God knew long beforehand that Canaan’s inhabitants were headed in the wrong direction. Yet, instead of immediately wiping them out, he patiently allowed 400 years to pass until their error had “come to completion.”—Genesis 15:16.
When the sin of the Canaanites reached the point where all hope of improvement was gone, Jehovah brought their end. Even so, he did not blindly execute all Canaanites. Why? Because not all were beyond reform. Those willing to change, such as Rahab and the Gibeonites, were shown mercy.—Joshua 9:3-11, 16-27; Hebrews 11:31.
5. How could a God of love destroy any humans? That question is understandable, for the destruction of human life is not pleasant to contemplate. Really, though, it was God’s love that impelled him to take such drastic measures against the wicked. To illustrate: When a patient develops gangrene, doctors often have little choice but to amputate the infected limb. Few would enjoy performing such a procedure, but a good doctor knows that the alternative—the spread of infection—is worse. Because he cares, he carries out this unpleasant task for the good of his patient.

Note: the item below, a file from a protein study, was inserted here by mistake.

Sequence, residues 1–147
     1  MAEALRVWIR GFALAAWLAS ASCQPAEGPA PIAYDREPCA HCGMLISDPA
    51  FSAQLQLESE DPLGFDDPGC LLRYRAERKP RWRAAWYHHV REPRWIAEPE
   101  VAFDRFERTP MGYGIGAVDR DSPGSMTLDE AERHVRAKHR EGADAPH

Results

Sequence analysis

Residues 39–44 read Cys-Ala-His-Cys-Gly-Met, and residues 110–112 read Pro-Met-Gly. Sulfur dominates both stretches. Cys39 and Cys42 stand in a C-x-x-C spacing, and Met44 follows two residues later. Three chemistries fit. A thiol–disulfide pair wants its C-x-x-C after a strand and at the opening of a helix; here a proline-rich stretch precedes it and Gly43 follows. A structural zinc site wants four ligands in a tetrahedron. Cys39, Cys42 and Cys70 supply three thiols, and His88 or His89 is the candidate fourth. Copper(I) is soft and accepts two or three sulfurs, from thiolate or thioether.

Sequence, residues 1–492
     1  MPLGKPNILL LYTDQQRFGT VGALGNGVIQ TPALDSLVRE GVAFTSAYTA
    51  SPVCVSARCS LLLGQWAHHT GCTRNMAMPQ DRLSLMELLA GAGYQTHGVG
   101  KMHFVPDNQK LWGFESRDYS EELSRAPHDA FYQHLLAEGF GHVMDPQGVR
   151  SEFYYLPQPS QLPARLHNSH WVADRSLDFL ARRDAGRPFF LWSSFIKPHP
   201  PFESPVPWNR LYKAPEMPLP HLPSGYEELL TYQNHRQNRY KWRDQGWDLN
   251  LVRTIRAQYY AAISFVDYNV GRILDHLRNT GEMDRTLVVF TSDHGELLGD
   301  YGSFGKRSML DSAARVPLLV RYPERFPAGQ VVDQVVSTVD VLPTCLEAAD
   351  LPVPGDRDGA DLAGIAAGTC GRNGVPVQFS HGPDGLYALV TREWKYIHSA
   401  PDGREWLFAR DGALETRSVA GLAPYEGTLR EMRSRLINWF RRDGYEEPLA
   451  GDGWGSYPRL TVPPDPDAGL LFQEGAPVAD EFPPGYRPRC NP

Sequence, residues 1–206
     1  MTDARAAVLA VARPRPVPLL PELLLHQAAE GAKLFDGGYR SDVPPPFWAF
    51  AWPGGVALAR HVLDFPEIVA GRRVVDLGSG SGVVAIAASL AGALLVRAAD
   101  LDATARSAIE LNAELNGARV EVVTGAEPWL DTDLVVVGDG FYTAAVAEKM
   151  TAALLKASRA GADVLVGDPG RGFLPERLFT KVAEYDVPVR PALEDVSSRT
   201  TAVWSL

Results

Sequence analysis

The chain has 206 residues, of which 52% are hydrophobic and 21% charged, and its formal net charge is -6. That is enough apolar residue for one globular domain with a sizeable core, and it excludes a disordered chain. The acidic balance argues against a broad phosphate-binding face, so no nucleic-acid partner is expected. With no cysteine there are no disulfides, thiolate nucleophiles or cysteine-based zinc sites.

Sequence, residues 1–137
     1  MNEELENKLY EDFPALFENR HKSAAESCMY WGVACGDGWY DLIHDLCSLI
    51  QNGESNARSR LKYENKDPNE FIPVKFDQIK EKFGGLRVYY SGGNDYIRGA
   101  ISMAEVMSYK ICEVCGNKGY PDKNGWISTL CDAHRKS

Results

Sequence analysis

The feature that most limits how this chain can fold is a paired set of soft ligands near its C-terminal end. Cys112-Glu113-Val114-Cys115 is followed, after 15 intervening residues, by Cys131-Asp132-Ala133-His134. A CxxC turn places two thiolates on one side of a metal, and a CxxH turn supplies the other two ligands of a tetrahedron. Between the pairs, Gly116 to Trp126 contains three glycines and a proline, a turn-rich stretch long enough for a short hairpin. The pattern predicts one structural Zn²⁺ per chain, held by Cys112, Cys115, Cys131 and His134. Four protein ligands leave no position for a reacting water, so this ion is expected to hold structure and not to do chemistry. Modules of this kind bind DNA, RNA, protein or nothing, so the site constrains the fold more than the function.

Similarly, Jehovah did not enjoy destroying the Canaanites. He himself says: “I have no pleasure in the death of the wicked.” (Ezekiel 33:11, Darby) At the same time, he purposed for the nation of Israel to produce the Messiah, the one who would open the way to salvation for all those exercising faith. (John 3:16) Thus, God simply could not allow Israel to become infected by the disgusting practices of the Canaanites. He therefore ordered the Canaanites to be cut off, or evicted, from the land. In so doing, God demonstrated outstanding love—love that moved him to perform an unpleasant task for the benefit of his faithful worshippers.
Value for Us
Does the record of the Canaanites’ destruction have value for us today? Yes, for Romans 15:4 states: “All the things that were written aforetime were written for our instruction, that through our endurance and through the comfort from the Scriptures we might have hope.” How does what happened in Canaan instruct us and give us hope?